Going Green is Trendy — but is Green Design?

According to recent news, ecological concern is quite fashionable.

Sometimes literally. Newspapers and tabloids alike are buzzing about British designer Anya Hindmarch’s eco-friendly shopping tote, a $15 canvas bag with "I’m Not a Plastic Bag" printed on the side that is sold in grocery stores, said to be the must-have bag this season. Twenty thousand were sold in a matter of hours when the bag went on sale in April in England, after women lined up at 2 a.m. for the store’s 9 a.m. opening; near riots broke out in Taipei, Taiwan when the bag premiered in July. A mall had to be shut down in Hong Kong the same month because of bag crowds.

The limited-edition bag is an example of clever cause marketing, but it’s also a strong indication that green’s trendiness has hit a high note. The fact that Hindmarch could design something primarily for a practical environmental use — according to Time, 88 million plastic bags are used per year in the U.S., and they can take 1,000 years to decompose — that consumers elevated into a must-have social status marker (as so many purses are) shows how trendy aligning oneself with green design now is. (Because frankly, people aren’t buying this thing to enhance their wardrobe — the bag isn’t anything much to look at. It, in fact, looks very much like what I used to carry my piano books in to lessons as a child.)

Just as many women feel wearing a designer Prada bag sends a message of style and class, swinging an "I’m Not a Plastic Bag" tote on your arm says I’m thoughtful, I’m conscientious, I’m in the know. (And clearly, I don’t mind long lines.)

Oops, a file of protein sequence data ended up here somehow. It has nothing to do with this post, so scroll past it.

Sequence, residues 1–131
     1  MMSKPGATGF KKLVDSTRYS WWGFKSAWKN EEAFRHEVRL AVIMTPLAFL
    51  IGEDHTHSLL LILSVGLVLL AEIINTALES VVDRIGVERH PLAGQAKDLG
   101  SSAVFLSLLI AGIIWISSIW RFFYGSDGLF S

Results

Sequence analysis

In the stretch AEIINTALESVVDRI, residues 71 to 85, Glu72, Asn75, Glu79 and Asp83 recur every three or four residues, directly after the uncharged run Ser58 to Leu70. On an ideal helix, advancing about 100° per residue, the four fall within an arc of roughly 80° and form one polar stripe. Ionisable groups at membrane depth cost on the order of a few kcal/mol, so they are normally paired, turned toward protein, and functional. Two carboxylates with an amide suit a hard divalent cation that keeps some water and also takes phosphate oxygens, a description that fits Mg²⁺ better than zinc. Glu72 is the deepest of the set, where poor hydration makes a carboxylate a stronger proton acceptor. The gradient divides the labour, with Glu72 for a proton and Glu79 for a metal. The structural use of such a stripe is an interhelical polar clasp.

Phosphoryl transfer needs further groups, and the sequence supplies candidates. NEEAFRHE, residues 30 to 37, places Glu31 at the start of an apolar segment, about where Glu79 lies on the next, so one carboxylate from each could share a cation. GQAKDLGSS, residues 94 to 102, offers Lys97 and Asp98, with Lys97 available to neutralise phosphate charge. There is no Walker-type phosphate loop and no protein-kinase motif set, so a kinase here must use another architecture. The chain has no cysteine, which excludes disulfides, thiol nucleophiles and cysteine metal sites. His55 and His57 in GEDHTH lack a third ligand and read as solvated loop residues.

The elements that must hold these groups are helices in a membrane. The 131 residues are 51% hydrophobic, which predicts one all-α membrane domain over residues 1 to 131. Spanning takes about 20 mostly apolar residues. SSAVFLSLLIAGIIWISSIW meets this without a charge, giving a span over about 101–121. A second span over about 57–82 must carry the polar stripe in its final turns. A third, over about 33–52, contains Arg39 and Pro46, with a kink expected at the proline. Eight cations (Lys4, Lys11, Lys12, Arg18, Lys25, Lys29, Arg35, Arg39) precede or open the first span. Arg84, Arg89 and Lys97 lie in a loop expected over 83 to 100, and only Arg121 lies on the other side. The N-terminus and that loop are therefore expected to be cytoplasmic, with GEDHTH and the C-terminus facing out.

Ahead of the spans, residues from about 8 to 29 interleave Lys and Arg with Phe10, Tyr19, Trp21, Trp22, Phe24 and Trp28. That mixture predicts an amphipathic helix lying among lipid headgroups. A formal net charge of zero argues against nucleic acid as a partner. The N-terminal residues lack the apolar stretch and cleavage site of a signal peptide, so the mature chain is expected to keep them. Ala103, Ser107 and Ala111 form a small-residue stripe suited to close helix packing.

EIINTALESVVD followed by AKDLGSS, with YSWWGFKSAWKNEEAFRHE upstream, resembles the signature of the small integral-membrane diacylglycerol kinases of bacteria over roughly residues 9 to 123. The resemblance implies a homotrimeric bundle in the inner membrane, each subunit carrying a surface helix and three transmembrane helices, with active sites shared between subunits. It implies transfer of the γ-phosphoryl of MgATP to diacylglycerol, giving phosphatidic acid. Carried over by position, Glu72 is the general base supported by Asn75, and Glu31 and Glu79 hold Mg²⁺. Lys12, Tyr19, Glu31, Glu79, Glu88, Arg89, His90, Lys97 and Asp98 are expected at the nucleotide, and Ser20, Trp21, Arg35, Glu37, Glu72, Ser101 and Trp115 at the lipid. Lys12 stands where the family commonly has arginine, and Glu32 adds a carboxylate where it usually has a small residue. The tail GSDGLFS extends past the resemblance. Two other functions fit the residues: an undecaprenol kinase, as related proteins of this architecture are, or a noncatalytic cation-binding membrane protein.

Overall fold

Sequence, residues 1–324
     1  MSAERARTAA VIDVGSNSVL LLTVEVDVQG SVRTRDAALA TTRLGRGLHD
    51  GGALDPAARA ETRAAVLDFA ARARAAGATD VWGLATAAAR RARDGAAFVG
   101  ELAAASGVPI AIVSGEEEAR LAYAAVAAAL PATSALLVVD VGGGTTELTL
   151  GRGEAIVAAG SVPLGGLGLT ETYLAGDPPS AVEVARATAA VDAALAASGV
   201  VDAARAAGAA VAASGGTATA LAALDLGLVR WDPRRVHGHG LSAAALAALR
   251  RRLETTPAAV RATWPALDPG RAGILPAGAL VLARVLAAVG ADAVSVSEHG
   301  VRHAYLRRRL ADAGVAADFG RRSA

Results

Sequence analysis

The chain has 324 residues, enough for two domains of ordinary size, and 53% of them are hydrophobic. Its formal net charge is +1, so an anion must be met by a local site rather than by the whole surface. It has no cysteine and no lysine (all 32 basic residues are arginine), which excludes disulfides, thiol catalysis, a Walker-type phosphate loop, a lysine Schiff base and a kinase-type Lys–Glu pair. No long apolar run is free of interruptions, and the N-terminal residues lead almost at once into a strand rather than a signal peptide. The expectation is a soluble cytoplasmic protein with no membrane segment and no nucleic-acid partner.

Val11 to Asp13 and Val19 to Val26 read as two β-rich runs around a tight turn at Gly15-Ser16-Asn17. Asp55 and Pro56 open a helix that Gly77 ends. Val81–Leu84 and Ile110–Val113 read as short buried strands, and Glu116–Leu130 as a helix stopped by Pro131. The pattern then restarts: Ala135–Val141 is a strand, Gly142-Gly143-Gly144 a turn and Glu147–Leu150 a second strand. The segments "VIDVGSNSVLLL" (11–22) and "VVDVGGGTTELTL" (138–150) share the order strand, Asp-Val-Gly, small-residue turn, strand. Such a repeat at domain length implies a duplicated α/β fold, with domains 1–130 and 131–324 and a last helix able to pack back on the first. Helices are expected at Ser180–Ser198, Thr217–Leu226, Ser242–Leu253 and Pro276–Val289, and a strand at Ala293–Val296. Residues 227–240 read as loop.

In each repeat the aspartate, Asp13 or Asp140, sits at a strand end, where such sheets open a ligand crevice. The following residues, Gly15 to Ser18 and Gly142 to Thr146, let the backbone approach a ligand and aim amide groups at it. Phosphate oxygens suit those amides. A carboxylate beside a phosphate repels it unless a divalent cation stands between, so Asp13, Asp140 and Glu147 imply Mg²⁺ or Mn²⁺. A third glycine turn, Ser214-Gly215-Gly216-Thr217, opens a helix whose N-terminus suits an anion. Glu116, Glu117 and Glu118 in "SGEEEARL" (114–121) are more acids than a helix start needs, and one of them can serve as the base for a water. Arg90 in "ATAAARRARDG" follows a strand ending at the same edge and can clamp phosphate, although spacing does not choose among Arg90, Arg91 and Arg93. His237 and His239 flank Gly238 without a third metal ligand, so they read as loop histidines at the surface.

Yet fashion isn’t the only world in which going green is becoming a sign of status. Magazines such as Vanity Fair and Fortune have published green issues in the past year; even the Vatican plans to offset its emissions, The Christian Science Monitor reports.

And then … there is housing. Some industry analysts, including Harvey Bernstein, vice president of industry analytics and alliances of McGraw-Hill Construction, feel green design is about to become mainstream, New Jersey’s The Record reports. Bernstein claimed the move is imminent in the June Residential Green Building SmartMarket Report, a
joint National Association of Home Builders and McGraw-Hill study. (McGraw-Hill Construction also recently estimated green building will grow this year to a $12 billion industry.)

There are other signs in the industry that indicate green building is being embraced. For example, several companies have flourished in a down turned industry by focusing on green products, HGTVPro.com reports — including Honeywell International, which expanded from foam insulation and rose 20 percent in 2006, and Georgia-Pacific Corp., who with paperless wallboard doubled sales in 2006.

Developers are also acknowledging green building. For the first time ever, this year’s Southeast Builders Conference was held in mid-July in conjunction with the Florida Green Building Coalition’s trade show and educational conference at the same Florida convention center, allowing the groups to intermingle and giving local builders greater exposure to green design, the Palm Beach Post reported.

And recently, the statements in the 2006 Green Building Update, written by Jerry Yudelson, P.E., LEED AP, principal with Yudelson Associates, gave the green industry a public boost. Yudelson estimated that U.S. Green Building Council’s Leadership in Energy and Environmental Design for New Construction (LEED-NC)  registrations will more than double during the next four years, from 1,122 in 2006 to more than 2,400 in 2010, CENews.com reported.

Green construction may not be as trendy as the I’m Not a Plastic Bag tote (rare versions of which are selling for as much as $1,000 on eBay, incidentally), but it’s picking up speed. And, as more cities encourage commercial use of green design and more homeowners learn its long-term cost benefits, sustainable design just may someday be the season’s must-have construction site accessory.